Sunday, April 15, 2012

FOG Dweller's and my Marshall Maiden Voyage

This morning's FOG Dwellers ride marked my maiden voyage to Marshall and up the famed 'Mashall Wall'.  I have to be honest with you, I was a bit freaked out about this alleged massive climb that led through Marshall to Highway 1 (PCH for you SoCal folks).  This climb was, of course, at mile 35 of a 60 mile ride.  And this was my first ride more than fifty miles this year.  Add to that the fact that the FOGuys are all stronger riders than I am.  Basically, it was going to be a big day.  To prepare myself, I bought two packages of Clif Shots, borrowed a second water bottle and made oatmeal the night before to eat before I got on the bike.

The regular crew was assembled - Scott, Iron Mike, Jeff and myself.  But just as we were leaving Java Hut, at 6.30am, an unfamiliar face pulled up.  A FOG regular named Peter rode up on his nondescript white bike. As Jeff was wearing a full red white and blue Italian kit (see below), this Peter character did not stand out in his fluorescent green full Taleo kit.  After our first few climbs, however, Mr. Peter set himself apart a-plenty.  It seems that he rides/rode for a few pro/semi-pro teams and the man can climb.  He was kind enough, however, to topple each climb and then ride back down to pace me to the top.  Good fun.  http://taleoracing.com/teamtaleobios/peter-cook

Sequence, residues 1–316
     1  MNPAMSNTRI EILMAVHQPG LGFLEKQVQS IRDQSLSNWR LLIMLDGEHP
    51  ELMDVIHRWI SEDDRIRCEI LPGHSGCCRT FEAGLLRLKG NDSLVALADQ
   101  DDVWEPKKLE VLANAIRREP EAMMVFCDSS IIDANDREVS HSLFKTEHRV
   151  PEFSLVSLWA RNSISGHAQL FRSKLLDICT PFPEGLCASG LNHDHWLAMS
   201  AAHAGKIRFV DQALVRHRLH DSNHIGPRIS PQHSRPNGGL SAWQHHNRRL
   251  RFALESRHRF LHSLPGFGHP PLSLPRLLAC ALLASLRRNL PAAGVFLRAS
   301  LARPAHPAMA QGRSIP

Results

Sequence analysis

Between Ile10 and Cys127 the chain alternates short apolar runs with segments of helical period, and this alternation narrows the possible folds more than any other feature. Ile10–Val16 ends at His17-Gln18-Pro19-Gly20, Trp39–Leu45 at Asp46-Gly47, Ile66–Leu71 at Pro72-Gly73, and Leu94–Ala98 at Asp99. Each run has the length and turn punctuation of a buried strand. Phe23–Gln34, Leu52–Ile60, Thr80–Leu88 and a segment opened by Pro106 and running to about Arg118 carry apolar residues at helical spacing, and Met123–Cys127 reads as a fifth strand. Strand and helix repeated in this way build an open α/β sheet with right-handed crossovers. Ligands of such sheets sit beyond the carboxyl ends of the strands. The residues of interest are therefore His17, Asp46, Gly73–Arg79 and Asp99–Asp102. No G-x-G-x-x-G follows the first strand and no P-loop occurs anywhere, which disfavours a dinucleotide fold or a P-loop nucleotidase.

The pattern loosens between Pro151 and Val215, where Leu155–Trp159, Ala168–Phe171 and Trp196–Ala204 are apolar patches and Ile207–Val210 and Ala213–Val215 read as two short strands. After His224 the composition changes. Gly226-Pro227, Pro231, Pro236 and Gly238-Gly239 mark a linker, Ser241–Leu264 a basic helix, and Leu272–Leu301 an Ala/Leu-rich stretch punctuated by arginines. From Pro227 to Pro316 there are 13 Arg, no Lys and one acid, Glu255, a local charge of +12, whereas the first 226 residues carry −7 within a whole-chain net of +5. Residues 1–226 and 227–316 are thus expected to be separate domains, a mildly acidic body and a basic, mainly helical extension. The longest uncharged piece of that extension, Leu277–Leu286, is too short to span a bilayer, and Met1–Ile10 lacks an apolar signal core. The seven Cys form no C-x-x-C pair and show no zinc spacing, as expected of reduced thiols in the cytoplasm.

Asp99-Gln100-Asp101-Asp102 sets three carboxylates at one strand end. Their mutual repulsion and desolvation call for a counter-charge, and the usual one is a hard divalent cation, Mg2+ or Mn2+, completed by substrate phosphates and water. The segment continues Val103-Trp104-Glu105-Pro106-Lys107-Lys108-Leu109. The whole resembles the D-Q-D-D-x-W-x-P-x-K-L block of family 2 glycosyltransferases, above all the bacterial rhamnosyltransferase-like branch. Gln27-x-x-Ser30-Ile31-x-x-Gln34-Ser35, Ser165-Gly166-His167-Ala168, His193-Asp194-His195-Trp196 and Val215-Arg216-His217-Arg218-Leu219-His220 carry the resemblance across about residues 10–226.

Below is a video that Scott took at the top of the Wall.  Thankfully, it was not as crazy as I had made it out to be.  Note the lack of sun and rolling fog throughout the scene.  We really didn't see any sun until we got through Samuel P Taylor, probably 50 miles into the ride.  It was certainly work, and I was certainly last to the top, but I made it and it was worth the panting.

video

Besides the Strava data, the highlights of the ride were many.  We ran into a group (gaggle/flock/herd) of about 25 turkeys grazing in the middle of the road.  Thankfully for the turkeys, there are way more bikes than cars on these West Marin roads.  Unfortunately for me, the crew was way ahead of me on the hill where the turkeys stood.  So by the time I made it to the spot, the turkeys had all dispersed.  Second was the pace line for the ten miles from the bottom of the Marshall hill into Pt. Reyes.  Really fast rolling hills and I was so busy sucking rear wheel drafts that I didn't get to lead at all.

This was my view the majority of the day.  Beginning of the Marshall Wall.

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